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Men in Survivorship; Stuff mates don’t say.

When: Thursday, November 28, 2019
What Time: 7pm - 8pm AEDT
60 minutes
Online - join via your computer, tablet or smart phone
Panel: Katie Towers, Dr Michael John Murphy, Alastair Adams and Sean Hall
Cost: Complimentary

About the Webinar

Many more men are more likely to die of preventable cancer than women, and even more unlikely to talk about their disease. It is estimated that over 78,000 men will be diagnosed with cancer in 2019, with an average five-year survival rate of 69%. With so many men being diagnosed and surviving cancer, this webinar will explore the physical and psychological effect that cancer can have on many aspects of a man’s life. We will be exploring the impact that cancer diagnosis, its treatment and post cancer life can have not only for physical but mental state.

About the Presenters

Dr Michael John Murphy 

Michael is a psychiatrist working in NSW Health public health who is also a final year UNSW PhD candidate looking into the role of internet-delivered cognitive behavioural therapy (iCBT) in the treatment of depression and/or anxiety in cancer patients. In 2016/7, he led a randomised controlled trial (RCT) looking to evaluate iCBT in early-stage cancer and cancer survivors. The following year, a pre-post trial looking at iCBT in advanced stage cancer occurred.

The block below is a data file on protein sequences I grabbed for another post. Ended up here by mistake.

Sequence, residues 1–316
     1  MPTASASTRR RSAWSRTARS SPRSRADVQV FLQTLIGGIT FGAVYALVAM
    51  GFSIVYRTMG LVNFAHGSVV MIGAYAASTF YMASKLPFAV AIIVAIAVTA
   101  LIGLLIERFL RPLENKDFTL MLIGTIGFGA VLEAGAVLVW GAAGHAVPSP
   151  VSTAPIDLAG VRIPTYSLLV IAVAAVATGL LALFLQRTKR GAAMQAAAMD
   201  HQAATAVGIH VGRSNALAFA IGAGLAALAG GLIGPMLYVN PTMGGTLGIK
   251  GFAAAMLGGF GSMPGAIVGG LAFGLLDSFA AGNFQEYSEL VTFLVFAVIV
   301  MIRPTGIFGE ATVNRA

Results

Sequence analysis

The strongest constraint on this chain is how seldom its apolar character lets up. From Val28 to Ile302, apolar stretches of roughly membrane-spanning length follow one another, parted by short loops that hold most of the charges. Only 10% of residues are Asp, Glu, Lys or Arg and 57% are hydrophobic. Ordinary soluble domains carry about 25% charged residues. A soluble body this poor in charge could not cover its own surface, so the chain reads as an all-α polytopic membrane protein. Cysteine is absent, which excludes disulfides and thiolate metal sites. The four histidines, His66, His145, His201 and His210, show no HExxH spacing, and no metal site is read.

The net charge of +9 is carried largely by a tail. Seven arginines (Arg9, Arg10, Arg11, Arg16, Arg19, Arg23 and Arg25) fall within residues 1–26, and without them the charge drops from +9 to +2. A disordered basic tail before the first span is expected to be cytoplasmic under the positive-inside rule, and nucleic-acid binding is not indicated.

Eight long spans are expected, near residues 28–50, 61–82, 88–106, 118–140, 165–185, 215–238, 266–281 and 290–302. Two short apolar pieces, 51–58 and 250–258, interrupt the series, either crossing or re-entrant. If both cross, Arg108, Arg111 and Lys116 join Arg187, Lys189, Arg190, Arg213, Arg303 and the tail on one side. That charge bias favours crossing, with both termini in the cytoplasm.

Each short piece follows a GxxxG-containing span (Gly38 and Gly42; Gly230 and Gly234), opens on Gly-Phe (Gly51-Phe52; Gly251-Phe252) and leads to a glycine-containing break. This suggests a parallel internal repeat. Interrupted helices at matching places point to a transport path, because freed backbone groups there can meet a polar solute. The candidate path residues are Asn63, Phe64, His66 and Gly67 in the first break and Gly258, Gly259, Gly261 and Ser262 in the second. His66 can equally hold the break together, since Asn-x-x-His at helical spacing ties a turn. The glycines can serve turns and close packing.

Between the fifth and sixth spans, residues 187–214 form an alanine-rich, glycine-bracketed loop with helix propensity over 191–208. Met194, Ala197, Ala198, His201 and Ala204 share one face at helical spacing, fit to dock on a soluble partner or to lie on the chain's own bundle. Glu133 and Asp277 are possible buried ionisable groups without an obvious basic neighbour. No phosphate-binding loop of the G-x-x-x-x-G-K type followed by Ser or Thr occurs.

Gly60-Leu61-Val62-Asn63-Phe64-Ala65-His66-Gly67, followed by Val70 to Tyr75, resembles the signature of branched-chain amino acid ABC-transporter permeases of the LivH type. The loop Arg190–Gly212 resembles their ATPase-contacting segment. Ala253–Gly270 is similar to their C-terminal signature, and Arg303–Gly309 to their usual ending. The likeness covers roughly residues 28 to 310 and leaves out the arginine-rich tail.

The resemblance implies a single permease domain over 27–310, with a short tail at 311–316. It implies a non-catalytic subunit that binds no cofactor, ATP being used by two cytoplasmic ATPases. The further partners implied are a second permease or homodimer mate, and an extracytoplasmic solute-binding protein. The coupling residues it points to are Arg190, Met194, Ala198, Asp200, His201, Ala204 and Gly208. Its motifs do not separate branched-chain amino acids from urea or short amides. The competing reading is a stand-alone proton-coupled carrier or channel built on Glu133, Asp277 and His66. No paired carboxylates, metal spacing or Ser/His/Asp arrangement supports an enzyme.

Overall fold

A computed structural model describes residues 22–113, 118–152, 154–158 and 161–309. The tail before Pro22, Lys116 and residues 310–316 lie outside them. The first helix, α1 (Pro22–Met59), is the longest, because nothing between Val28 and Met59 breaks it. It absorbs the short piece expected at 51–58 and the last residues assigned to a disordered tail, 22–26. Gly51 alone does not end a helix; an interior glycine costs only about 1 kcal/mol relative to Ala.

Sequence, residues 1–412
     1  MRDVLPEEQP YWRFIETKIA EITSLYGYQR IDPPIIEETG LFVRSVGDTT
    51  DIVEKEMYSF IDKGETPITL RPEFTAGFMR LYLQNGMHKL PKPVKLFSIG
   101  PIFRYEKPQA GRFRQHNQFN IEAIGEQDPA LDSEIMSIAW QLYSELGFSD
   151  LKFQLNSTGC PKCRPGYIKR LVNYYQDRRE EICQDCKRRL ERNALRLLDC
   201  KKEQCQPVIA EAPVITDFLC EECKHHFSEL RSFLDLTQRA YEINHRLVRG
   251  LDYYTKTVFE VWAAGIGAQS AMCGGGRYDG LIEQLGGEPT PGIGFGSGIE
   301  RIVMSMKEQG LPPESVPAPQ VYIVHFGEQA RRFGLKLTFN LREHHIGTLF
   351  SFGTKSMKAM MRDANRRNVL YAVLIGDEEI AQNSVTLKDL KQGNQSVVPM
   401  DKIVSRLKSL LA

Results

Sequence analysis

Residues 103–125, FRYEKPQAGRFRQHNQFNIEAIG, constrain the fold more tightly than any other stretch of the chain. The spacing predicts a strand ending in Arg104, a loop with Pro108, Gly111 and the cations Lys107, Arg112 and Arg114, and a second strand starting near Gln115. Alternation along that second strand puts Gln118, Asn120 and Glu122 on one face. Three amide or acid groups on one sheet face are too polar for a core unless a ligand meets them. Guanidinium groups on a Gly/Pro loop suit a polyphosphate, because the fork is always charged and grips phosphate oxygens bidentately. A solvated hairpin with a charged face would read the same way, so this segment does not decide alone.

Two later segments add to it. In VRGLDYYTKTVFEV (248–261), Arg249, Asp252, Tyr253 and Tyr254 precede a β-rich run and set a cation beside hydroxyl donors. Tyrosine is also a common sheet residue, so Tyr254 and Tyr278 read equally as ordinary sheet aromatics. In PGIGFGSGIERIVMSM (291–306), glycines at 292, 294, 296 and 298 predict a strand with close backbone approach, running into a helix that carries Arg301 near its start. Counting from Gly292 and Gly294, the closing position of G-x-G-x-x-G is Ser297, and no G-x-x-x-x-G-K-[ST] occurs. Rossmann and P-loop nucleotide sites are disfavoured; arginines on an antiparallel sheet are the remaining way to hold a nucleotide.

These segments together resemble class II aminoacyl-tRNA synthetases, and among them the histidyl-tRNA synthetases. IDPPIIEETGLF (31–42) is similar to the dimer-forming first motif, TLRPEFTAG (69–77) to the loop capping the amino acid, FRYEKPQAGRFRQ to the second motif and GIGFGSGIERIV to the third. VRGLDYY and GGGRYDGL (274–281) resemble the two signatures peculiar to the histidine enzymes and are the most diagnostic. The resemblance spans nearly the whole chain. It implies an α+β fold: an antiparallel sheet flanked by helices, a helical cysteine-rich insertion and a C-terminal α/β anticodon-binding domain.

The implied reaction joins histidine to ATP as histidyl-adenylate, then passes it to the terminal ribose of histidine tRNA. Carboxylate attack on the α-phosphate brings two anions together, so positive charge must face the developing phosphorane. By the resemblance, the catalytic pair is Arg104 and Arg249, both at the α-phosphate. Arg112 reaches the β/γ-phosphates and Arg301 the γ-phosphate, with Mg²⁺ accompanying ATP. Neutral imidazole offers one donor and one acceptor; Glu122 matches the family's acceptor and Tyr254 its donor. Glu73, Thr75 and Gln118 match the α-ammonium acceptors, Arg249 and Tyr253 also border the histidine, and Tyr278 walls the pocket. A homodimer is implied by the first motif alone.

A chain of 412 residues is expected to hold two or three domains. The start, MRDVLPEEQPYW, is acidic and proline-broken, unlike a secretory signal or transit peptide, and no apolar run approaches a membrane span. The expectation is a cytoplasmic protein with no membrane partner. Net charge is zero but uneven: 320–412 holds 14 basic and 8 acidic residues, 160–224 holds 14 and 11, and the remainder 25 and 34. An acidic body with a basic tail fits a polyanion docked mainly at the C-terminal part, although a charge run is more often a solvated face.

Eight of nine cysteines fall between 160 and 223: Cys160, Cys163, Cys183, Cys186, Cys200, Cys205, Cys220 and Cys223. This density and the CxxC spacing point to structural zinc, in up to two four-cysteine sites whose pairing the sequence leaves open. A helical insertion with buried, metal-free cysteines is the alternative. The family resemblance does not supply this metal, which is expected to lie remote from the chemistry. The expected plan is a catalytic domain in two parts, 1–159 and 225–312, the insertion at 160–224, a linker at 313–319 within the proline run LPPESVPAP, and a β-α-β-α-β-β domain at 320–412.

In addition to being a Fellow of the Royal Australian and New Zealand College of Psychiatry, Michael is a Member of the Royal College of Psychiatry UK. He completed a post-graduate medical degree in Ireland, then undertook basic physician training program and worked as a Medical Oncology Registrar prior to entering Psychiatry training. He enjoys working with patients who have both physical and mental health problems.

Alastair Adams

Alastair is a father of two, a 13 year old daughter and 21 year old son, who are his world and has worked as a prison officer for 20 years. He was diagnosed with cancer in March 2019 after noticing a lump on the right side of his neck. He has been through intensive treatments including surgery to remove his tonsils and lymph nodes, chemotherapy and radiotherapy, which caused him to lose 14kg from side effects. Due to the radiation treatment affecting his taste buds, he currently cannot taste anything. 

Alastair, however, counts himself very lucky to still be here and though cancer treatment was the hardest thing to have gone through – he is glad to have come out the other side. 

Sean Hall

Sean is a father who lives with his partner and their two children. In late 2017 he was diagnosed with bowel cancer and had an operation to remove the tumour, a total colectomy and 6 months of chemotherapy.

After surgery he found that the best recovery was walking and running. That every step helped, no matter how small.

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